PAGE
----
Alot of kids have heard the songs and I’ve had a fair number of young artists record one of them in particular. An original tune called ‘I Wanna Live Like That’ has been a favorite. I think people of all ages can really relate to the message. The song has been recorded almost 50 times. Crazy eh?


How easy or hard is it to create a new, vibrant, wanted-by-the-public sound that both builds on and surpasses the musical wonderments and accomplishments that preceded it within the industry?

Gosh, maybe I can answer that if or when it ever happens! Ha ha. My goal has never been to surpass those who’ve inspired me…build on? Sure. I think I’ve been influenced by some amazing artists and people. In the end it comes down to the fact that hopefully we all (songwriters) have a different perspective on life that we can bring to the table. In doing that I hope someone who hears mine will be able to relate, be inspired even feel better for having come across it.

Your sister, Trisha Gagnon, is the bass player in the Juno nominated Bluegrass band, The Jaybirds. Clearly, you come from a very musical family; tell us a little more about the encouragement you had towards music in your youth.

Well…that won’t take long! We sang a bit in church, I played a little clarinet..listened to my sister sing alot of Bonnie Raitt and Carole King tunes. Trisha’s always been a great singer. I think it’s how she ‘got away’. She influenced me without even knowing it and has always been a huge blessing in my life. I was never one of those kids that ‘performed for everyone on the coffee table’! My confidence came later…the more I realized that what I had to say could matter.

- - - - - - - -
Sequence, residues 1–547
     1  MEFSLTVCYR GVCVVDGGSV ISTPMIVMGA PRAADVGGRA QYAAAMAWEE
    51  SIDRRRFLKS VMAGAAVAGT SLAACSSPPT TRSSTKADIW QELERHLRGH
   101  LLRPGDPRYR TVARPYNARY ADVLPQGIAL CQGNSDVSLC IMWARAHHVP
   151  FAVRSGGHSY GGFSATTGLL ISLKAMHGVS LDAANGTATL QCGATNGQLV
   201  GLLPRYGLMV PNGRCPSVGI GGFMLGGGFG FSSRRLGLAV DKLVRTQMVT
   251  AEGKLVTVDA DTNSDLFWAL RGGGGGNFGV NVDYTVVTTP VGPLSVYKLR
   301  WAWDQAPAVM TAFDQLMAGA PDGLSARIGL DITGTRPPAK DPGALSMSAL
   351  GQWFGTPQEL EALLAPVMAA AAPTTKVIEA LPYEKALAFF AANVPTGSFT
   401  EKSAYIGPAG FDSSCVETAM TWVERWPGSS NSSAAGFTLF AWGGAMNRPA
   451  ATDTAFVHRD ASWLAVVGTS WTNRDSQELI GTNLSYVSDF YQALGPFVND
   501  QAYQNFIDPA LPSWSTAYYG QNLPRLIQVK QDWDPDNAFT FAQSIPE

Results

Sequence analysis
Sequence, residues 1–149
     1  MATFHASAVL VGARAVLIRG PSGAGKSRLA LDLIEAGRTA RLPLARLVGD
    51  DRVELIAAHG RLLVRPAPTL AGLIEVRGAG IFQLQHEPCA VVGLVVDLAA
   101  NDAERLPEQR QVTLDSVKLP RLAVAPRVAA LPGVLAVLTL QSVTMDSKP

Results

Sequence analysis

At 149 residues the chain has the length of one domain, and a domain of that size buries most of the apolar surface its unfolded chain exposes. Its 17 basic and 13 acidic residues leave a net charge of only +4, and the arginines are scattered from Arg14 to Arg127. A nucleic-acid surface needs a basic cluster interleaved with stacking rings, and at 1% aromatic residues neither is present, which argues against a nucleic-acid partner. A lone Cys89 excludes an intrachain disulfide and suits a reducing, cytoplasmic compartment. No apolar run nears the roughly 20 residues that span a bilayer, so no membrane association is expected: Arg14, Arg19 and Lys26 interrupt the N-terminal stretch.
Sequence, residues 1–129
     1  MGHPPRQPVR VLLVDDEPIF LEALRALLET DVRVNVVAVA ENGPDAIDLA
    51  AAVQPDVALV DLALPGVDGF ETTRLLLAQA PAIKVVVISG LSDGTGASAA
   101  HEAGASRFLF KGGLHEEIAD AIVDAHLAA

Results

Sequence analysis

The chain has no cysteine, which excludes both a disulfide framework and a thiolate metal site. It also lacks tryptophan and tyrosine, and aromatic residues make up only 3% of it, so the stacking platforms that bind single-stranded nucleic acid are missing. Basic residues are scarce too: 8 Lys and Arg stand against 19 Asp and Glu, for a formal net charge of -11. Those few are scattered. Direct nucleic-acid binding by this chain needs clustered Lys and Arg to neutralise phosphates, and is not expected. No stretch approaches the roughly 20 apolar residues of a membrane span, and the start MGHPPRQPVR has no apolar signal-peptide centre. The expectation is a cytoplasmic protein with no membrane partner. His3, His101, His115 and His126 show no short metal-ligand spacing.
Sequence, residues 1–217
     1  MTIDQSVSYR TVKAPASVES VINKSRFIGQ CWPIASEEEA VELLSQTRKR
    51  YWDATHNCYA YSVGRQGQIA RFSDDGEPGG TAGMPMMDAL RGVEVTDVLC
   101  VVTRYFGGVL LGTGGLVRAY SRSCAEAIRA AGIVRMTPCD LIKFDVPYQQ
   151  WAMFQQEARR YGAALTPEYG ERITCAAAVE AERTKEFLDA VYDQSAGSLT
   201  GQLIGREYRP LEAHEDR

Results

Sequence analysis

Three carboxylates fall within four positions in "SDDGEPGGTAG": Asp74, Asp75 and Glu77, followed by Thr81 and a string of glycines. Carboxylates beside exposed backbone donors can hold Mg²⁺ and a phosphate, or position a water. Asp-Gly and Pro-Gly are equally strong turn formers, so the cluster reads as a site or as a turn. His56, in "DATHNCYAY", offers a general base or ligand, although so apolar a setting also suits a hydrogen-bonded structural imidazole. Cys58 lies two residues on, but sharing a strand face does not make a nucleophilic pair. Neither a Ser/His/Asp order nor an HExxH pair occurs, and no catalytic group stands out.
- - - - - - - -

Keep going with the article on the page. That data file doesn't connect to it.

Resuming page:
What is your favorite part about playing lives shows and what can fans expect from a Cathy Anne Mcclintock live set?

Well, they can expect to hear a great, talented group of players called the ‘Valley Boys’, they can expect to have some fun and to see us have some fun too! My favorite part of playing live is seeing the people out there smiling, listening, laughing…just seeing different responses from folks and talking with them after is great.


If asked to record one for charity, what ’80s (and possibly cheesy!) pop/rock song would you love to cover today and why?

Hmmm. That’s a tough one. This one’s far from cheesy… I think ‘Sunday Bloody Sunday’ by U2. They were a huge influence with me…you may not hear it in my music (!) but they really were. I was about 12 years old and I loved how Bono would say exactly what was on his mind and not give a crap what people would say about it. He wanted to make things better and bring attention to issues that mattered. I remember begging my dad to let me play it on my way to school as we drove for 45 minutes with the deal that he’d be able to listen to classical and CBC Canada the whole way home! Whatever it took!! I had a strong feeling they were special even at that age.


Lastly, and throwing you a journalistic curve ball, Exclusive Magazine loves Penguins do you?

Who doesn’t love penguins? Seriously though…The March of the Penguins was one of the most amazing documentaries I’ve ever seen. I’m a true animal lover and their story is unbelievable. Creation floors me.